Students worldwide hang out for online focus groups

Student Affairs Manager, Huw Morgan Jones, reports on hosting student focus groups via Google Hangouts
People connecting
A rare opportunity to bring together independent distance learners with those attending a teaching institution
Capturing the student voice through Google Hangouts has proven popular, and we will look for opportunities to host similar sessions in the future

Our latest Student Experience Survey ran at the end of 2013 for postgraduates and early 2014 for undergraduates. Hopefully many of you reading this article will have taken the opportunity to give us feedback on your experience as a student of the International Programmes. 

For the very first time this year we also ran two online focus groups to explore the results of the 2013-14 survey. These sessions connected a cross-section of students from several time zones and served to emphasise the unique make up of our student body – 50,000 students from over 180 countries. It also provided a rare opportunity to bring together independent distance learners with those attending a teaching institution.

Among the participants was a full-time university lecturer from Vietnam balancing our MRes in Educational and Social Research with the already competing demands of parenthood and an academic career, a school leaver from Jamaica taking on our LLB programme, and a qualified doctor from Nepal who took full advantage of the flexibility of our MSc Infectious Diseases by relocating to the United States midway through her studies.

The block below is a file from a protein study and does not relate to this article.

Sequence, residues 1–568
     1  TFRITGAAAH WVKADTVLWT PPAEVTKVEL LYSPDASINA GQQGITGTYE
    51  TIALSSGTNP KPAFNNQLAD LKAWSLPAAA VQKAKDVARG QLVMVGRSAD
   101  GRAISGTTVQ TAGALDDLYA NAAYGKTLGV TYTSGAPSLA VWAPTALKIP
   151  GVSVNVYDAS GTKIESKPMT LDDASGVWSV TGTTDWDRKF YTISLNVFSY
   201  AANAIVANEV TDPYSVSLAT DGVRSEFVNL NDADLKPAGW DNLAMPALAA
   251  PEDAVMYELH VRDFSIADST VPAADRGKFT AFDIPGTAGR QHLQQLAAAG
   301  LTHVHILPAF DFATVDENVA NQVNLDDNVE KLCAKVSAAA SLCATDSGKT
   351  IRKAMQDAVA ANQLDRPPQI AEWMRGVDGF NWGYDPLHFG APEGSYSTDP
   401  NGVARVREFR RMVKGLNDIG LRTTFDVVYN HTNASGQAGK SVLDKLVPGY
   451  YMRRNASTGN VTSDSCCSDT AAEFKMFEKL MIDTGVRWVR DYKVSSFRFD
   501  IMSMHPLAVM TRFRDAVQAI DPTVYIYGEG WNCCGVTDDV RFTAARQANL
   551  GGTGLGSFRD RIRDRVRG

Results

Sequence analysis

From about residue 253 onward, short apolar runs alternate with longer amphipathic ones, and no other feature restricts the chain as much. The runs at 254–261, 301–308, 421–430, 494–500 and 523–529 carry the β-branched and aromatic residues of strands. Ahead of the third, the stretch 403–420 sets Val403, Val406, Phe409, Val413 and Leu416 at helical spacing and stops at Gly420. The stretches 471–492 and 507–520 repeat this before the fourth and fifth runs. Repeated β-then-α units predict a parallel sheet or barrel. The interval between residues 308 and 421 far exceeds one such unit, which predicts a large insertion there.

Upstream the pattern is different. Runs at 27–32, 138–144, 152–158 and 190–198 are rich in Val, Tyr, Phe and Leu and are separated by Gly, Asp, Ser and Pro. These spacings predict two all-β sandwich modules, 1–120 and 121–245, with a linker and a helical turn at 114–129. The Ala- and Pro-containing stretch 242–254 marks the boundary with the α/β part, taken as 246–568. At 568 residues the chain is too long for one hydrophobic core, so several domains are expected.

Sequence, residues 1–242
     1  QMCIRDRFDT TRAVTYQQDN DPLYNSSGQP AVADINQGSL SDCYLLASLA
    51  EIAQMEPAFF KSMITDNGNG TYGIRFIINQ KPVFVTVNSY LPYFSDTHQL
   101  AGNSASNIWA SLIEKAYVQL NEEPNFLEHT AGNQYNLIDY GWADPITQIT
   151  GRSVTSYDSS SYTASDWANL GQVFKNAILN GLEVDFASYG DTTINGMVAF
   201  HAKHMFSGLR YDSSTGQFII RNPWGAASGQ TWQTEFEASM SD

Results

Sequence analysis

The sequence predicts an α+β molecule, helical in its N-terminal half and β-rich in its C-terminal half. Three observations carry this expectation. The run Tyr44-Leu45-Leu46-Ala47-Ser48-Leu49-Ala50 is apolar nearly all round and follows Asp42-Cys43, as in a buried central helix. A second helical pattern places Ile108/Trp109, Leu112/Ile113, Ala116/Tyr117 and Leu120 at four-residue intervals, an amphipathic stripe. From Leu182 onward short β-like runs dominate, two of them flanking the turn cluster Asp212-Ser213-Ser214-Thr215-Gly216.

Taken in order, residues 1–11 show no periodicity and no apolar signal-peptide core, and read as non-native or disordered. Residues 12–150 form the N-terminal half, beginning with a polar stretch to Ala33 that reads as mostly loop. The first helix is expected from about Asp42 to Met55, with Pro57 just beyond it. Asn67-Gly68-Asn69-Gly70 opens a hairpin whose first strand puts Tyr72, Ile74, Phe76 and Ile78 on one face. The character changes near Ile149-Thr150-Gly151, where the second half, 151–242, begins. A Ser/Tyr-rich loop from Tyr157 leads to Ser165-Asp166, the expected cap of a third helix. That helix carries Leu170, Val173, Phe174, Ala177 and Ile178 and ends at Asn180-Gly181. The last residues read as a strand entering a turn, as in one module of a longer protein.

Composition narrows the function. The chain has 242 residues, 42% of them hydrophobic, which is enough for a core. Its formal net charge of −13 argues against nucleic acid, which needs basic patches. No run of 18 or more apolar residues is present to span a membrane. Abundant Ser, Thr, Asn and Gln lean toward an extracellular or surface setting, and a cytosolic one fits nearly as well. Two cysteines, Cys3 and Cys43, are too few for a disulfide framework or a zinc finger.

While our students come from a range of different backgrounds, the focus groups served to highlight what they have in common – the passion to work for a valuable University of London qualification, and a willingness to engage with the University despite being thousands of miles from London.   

The focus groups featured lively discussions around themes from the Student Experience Survey, including organisation and management, assessment, learning resources, professional development and communication with the University. 

We used Google Hangouts to run these discussions. Providing a user-friendly communication platform which is free for both students and the university, Hangouts requires minimal set up and allows for text and video chat at a range of bandwidth levels. Students enjoyed hanging out with each other, and while Hangouts was new for some, others proudly announced that they use it regularly to participate in study groups. 

Information about the survey findings and follow-up work will be published on the International Programmes website. Capturing the student voice through Google Hangouts has proven popular, and we will look for opportunities to host similar sessions in the future.